Lower purity copper with a minimum 94% copper content, often containing impurities such as solder, paint, or other coatings. Typically sourced from miscellaneous copper items, such as tubing, fittings, or less clean copper wires.
Scrap #2 copper refers to a specific grade of copper scrap that is slightly lower in quality compared to scrap #1 copper. While it is still valuable and suitable for recycling, it may have certain imperfections or contaminants that classify it as #2 grade.
When referring to scrap #2 copper, it typically includes copper materials that may have some level of impurities or attachments. This can include copper pipes, wires, sheets, and other solid copper items that may have coatings, solder, or minor amounts of other metals.
Scrap #2 copper is still valuable in the recycling industry as it contains a significant amount of copper, but it is priced lower compared to the higher-grade #1 copper. The presence of impurities or attachments requires additional processing and refining steps to remove or separate them from the copper.
Recycling facilities and scrap metal yards collect and process scrap #2 copper, where it undergoes sorting, cleaning, and sometimes melting processes to extract the valuable copper content. The recycled copper can then be used to produce new copper products or components.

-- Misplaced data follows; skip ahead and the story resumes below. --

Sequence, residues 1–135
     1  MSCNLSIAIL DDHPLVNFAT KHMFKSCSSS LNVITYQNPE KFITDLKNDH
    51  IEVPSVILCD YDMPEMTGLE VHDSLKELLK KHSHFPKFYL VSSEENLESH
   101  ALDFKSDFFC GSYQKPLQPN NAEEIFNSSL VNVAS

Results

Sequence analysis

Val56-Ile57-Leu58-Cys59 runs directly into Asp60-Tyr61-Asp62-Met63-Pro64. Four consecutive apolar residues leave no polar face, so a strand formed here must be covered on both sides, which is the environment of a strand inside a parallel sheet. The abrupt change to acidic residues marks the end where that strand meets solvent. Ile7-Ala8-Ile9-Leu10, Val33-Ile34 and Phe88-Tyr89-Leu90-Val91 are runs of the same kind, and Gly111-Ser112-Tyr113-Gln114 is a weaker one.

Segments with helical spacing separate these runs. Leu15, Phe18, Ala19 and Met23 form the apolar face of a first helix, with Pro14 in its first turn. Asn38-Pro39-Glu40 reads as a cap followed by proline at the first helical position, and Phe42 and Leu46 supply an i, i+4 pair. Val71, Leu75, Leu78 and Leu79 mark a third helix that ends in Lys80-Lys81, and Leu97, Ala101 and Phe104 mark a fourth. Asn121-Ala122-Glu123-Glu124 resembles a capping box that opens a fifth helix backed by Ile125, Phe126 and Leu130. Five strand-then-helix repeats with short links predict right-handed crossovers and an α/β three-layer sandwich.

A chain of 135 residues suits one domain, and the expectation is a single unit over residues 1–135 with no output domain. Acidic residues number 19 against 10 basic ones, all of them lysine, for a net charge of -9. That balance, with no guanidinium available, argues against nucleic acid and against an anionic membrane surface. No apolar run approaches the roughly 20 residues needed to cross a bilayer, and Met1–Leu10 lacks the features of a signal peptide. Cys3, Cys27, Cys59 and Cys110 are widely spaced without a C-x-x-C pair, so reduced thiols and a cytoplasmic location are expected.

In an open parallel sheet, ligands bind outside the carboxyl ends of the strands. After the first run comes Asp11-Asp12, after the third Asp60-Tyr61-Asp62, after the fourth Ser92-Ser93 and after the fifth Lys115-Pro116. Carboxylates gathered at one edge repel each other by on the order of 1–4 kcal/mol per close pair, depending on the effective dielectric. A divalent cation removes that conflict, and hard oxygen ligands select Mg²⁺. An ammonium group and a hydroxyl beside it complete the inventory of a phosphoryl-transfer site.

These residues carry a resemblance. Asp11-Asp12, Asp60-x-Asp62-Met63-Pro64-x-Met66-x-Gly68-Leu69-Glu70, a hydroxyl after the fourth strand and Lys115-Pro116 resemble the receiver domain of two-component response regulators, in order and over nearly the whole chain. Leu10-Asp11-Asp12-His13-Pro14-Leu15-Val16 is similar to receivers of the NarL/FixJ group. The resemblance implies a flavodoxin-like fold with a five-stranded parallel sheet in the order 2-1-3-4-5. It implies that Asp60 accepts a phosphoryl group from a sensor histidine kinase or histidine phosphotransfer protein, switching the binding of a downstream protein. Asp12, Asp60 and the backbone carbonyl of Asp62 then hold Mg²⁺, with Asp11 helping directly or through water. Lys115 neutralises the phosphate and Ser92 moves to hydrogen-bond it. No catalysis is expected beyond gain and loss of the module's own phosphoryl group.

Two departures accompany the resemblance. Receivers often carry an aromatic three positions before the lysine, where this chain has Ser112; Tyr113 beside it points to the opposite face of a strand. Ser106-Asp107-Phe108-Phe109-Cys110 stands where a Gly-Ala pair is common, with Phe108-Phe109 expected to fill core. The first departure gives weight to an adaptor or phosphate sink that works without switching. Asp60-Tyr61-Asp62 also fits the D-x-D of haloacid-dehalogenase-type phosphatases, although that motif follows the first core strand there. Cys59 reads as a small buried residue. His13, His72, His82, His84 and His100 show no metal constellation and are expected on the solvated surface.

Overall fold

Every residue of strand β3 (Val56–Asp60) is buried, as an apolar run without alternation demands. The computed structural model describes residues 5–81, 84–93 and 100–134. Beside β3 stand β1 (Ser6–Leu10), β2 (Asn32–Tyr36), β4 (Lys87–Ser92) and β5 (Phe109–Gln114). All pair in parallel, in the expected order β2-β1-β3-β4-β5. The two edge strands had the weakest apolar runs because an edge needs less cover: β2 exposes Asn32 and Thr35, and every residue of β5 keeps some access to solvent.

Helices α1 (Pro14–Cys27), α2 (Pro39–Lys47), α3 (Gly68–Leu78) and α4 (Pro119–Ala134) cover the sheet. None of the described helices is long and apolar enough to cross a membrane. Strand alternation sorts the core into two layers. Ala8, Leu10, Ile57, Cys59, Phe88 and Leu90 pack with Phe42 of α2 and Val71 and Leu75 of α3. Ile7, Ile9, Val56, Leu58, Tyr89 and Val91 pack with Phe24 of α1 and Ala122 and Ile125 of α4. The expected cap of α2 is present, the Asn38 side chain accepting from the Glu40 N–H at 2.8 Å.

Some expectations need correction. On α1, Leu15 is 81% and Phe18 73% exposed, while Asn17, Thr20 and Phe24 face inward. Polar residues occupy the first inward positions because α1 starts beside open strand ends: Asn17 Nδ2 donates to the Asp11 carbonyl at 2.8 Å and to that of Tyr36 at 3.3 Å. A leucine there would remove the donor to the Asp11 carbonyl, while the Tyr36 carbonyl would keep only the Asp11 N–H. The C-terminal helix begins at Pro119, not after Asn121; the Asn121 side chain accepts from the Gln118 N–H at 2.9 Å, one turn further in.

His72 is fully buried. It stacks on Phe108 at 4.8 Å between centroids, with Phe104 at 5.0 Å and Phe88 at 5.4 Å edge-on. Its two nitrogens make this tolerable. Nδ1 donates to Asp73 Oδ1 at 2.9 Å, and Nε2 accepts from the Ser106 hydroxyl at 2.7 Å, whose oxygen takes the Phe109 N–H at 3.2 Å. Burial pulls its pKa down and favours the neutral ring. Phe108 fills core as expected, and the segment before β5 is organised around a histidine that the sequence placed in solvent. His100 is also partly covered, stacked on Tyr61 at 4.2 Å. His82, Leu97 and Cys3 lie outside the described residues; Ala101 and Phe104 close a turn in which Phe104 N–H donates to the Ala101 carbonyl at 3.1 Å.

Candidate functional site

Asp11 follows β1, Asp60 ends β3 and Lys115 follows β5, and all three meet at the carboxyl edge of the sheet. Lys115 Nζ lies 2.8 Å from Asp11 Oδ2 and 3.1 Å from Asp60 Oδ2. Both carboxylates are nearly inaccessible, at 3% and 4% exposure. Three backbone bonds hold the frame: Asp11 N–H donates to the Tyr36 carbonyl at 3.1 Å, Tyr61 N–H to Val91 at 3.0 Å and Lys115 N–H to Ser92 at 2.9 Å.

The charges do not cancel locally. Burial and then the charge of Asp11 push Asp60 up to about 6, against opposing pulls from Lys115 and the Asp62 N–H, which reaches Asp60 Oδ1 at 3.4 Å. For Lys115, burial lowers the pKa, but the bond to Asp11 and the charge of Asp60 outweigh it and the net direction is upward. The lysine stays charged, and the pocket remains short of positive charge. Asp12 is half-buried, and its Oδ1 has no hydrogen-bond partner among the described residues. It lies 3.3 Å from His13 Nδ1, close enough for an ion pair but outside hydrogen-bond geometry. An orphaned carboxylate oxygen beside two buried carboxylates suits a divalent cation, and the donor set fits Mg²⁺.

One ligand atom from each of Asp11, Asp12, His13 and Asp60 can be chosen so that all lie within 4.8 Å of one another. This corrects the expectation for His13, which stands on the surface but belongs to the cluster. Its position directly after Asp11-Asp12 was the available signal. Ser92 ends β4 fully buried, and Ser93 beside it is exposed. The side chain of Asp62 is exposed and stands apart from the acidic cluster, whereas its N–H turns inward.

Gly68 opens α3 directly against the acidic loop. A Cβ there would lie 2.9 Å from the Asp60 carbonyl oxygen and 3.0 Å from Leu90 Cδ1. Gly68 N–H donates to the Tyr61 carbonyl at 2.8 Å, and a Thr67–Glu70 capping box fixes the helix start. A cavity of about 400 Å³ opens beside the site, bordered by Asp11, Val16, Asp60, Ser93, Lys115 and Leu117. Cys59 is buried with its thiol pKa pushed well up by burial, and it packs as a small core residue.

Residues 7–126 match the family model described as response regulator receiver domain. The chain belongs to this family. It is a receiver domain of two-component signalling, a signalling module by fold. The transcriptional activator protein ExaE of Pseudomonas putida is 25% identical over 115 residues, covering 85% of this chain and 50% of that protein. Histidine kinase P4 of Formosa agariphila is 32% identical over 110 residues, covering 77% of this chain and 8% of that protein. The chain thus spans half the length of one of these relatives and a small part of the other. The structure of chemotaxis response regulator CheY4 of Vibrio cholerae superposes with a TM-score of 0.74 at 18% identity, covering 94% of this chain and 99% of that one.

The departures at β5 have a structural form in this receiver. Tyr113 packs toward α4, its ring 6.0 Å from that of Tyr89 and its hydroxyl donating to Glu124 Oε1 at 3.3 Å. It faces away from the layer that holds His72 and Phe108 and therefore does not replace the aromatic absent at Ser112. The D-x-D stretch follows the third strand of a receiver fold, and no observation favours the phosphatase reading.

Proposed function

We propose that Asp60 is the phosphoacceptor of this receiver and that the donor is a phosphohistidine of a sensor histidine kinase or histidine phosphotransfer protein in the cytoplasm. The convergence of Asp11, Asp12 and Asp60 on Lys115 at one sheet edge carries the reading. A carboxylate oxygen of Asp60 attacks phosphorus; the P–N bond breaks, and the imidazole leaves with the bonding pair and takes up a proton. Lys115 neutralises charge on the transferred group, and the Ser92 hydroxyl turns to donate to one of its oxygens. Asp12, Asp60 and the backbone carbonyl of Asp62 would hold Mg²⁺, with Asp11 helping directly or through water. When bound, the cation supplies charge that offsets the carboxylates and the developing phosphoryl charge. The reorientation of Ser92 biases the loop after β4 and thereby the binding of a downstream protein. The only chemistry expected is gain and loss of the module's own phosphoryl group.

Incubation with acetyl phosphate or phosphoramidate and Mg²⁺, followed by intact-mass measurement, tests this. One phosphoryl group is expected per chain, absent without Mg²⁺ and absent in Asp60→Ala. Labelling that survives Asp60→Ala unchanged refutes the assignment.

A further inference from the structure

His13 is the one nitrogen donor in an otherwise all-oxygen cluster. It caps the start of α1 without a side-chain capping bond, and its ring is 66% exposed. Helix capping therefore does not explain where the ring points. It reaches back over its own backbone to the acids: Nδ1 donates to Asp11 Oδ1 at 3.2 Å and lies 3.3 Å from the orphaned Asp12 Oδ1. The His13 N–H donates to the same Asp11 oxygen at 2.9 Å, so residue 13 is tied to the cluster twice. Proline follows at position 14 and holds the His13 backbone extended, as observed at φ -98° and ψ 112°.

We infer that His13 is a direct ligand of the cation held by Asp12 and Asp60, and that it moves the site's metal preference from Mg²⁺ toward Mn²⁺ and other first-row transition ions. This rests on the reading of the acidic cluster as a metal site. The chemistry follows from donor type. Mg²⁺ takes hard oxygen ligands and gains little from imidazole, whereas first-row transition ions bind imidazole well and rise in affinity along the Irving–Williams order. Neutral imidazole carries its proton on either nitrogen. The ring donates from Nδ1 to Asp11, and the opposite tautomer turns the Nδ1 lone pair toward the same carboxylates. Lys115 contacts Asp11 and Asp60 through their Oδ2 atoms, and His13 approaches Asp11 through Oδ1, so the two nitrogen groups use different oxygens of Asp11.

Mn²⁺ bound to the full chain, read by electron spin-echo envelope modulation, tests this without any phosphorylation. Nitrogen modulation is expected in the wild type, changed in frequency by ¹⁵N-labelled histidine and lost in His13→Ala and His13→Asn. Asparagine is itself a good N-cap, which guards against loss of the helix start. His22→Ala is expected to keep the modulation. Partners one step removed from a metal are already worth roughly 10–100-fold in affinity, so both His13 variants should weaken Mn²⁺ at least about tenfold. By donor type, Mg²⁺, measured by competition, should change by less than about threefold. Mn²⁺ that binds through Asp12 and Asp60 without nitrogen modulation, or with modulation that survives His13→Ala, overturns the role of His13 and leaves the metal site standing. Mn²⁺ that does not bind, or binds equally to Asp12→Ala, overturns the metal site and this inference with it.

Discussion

By recycling scrap #2 copper, valuable copper resources are conserved, reducing the need for primary copper extraction and minimizing the environmental impact associated with mining and refining. Recycling also offers energy savings and contributes to the circular economy by promoting the reuse of materials.
In summary, scrap #2 copper represents a slightly lower grade of copper scrap compared to #1 copper. It may contain impurities or attachments that require additional processing for recycling. Recycling scrap #2 copper supports resource conservation, energy savings, and sustainable metal production practices.